With the Test now outside the international window, Scotland were told they could only select five players from English clubs, and so back-three Sean Maitland (Saracens) and prop Jamie Bhatti (Bath) controversially miss out.
Exeter’s Jonny Gray – who was struggling with a shoulder injury – has also been released, as have four more players: back-row Cornell du Preez (Worcester), centres James Lang (Harlequins) and Duncan Taylor (Saracens), and hooker Ewan Ashman (Sale Sharks).
Exeter duo Stuart Hogg and Sam Skinner, Gloucester’s Chris Harris and Alex Craig, and Harlequins scrum-half Scott Steel are the five that remain.
“The main thing for us is we put squad first,” Scotland captain Hogg said. “We could see how much it meant to Sean Maitland that he wasn’t going to be included. That hurt him a lot.
“The other boys, Duncan Taylor, Jamie Bhatti, these are guys who have had a massive impact on what we’ve done in training these last few weeks.
“For us, we’re going out to put in a performance they’ll be proud of. They’ve put massive efforts into this. That means it’s not just the 23 but the guys we call the Renegades, the guys who help the team prepare. They’ve been a massive part of it as well as those on the field. Tomorrow we’re going to go out there for everyone.
“We’ll put the squad first, get the job done tomorrow and play for these boys. My opinion is one I’ll keep to myself on this because I don’t want it to be headline news when there’s other things to concentrate on.”
For France, Galthie has shaken things up with five changes – two of them enforced.
Romain Ntamack is at fly-half in place of Matthieu Jalibert, who injured his jaw against Wales. Ntamack, one of France’s best players last year and at the 2019 Rugby World Cup, has made a timely return from his own double jaw fracture in December to feature again.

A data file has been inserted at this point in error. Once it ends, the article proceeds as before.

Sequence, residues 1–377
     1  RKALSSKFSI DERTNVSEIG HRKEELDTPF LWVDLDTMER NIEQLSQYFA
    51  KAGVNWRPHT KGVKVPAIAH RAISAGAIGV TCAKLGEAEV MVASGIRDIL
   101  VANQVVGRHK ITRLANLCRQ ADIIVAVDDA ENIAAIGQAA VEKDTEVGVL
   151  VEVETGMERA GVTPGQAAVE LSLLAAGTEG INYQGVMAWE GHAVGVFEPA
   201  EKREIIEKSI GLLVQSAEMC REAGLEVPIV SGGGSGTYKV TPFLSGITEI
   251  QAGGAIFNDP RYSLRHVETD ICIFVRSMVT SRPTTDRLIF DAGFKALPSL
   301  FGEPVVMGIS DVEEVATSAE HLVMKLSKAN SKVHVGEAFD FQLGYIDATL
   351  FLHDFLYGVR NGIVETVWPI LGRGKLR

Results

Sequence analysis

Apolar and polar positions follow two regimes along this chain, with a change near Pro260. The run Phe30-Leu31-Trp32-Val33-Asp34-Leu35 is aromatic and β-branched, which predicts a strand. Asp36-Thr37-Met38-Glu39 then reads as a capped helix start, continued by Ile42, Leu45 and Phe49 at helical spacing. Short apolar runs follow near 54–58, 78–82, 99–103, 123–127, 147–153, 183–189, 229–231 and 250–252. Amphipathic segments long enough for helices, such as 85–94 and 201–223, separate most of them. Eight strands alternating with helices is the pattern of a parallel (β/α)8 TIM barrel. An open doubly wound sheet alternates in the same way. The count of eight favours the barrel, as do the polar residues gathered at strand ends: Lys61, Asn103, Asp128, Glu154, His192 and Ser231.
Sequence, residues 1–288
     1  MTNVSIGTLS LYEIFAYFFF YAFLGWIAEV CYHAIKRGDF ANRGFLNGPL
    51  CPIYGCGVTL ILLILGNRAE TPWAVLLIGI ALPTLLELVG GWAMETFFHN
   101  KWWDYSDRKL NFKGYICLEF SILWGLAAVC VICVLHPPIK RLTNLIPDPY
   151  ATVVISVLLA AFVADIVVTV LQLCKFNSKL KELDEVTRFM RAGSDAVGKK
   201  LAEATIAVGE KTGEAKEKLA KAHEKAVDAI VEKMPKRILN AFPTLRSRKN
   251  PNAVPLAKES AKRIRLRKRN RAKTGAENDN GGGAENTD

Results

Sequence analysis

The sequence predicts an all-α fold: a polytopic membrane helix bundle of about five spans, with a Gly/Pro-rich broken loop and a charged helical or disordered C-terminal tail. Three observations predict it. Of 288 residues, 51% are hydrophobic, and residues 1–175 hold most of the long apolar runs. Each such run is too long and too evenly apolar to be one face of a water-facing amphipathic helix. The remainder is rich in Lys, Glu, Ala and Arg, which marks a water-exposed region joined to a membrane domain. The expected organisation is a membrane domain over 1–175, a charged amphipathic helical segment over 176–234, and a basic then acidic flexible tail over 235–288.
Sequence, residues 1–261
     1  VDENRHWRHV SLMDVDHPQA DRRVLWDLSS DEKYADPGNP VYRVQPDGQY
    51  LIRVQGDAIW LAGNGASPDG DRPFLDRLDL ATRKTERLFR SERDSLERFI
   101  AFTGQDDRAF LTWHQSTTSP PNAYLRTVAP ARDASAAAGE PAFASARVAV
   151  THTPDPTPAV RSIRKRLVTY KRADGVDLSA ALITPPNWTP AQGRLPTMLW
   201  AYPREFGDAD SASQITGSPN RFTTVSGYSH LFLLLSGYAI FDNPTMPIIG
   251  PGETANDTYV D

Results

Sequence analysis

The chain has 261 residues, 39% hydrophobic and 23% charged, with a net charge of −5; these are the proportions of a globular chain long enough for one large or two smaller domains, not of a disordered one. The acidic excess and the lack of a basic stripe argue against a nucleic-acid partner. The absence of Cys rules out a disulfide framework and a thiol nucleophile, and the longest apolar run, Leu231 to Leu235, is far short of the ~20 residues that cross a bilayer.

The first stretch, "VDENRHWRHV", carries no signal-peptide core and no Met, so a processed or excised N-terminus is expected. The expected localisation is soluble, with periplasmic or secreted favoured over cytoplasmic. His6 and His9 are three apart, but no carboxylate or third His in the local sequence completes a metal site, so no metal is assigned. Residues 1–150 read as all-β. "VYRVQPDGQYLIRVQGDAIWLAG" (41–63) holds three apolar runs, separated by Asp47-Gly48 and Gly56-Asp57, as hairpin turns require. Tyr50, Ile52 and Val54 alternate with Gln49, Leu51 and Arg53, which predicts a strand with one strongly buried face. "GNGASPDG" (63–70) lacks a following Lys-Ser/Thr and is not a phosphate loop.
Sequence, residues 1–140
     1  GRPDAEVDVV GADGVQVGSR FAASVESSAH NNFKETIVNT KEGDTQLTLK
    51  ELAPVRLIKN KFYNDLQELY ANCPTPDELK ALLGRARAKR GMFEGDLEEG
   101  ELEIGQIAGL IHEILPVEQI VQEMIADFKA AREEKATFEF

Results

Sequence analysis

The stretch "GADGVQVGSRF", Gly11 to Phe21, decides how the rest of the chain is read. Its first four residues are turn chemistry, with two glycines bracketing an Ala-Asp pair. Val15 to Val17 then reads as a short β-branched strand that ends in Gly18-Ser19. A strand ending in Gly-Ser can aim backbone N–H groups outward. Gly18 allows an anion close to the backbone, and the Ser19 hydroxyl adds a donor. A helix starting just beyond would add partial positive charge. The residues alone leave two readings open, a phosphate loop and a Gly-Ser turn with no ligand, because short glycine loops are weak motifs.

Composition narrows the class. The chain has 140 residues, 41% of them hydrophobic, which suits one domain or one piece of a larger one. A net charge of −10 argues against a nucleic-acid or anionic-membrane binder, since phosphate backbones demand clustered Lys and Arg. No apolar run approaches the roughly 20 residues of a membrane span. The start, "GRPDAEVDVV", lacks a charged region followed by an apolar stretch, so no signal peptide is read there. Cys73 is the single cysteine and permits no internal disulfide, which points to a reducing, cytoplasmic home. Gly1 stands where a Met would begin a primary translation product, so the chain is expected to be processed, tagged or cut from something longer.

Galthie had changed both lock forwards, with the suspended Willemse replaced Bernard Le Roux and Swan Rebbadj in for the benched Romain Taofifenua.
Showing his ruthless streak, Galthie has dropped wing Teddy Thomas, recalled Arthur Vincent to centre and moved key man Gael Fickou from centre to left wing.
France: 15 Brice Dulin, 14 Damian Penaud, 13 Virimi Vakatawa, 12 Arthur Vincent, 11 Gael Fickou, 10 Romain Ntamack, 9 Antoine Dupont; 1 Cyrille Baile, 2 Juilen Marchand, 3 Mohamed Haouas, 4 Bernard Le Roux, 5 Swan Rebbadj, 6 Anthony Jelonch, 7 Charles Ollivon (c), 8 Gregory Alldritt.
Replacements: 16 Camille Chat, 17 Jean-Baptiste Gros, 18 Uini Atonio, 19 Romain Taofifenua, 20 Dylan Cretin, 21 Baptiste Serin, 22 Anthony Bouthier, 23 Teddy Thomas.
Scotland: 15 Stuart Hogg (c), 14 Darcy Graham, 13 Chris Harris, 12 Sam Johnson, 11 Duhan van der Merwe, 10 Finn Russell, 9 Ali Price; 1 Rory Sutherland, 2 George Turner, 3 Zander Fagerson, 4 Sam Skinner, 5 Grant Gilchrist, 6 Jamie Ritchie, 7 Hamish Watson, 8 Matt Fagerson.
Replacements: 16 David Cherry, 17 Oli Kebble, 18 Simon Berghan, 19 Alex Craig, 20 Nick Haining, 21 Scott Steele, 22 Adam Hastings, 23 Huw Jones.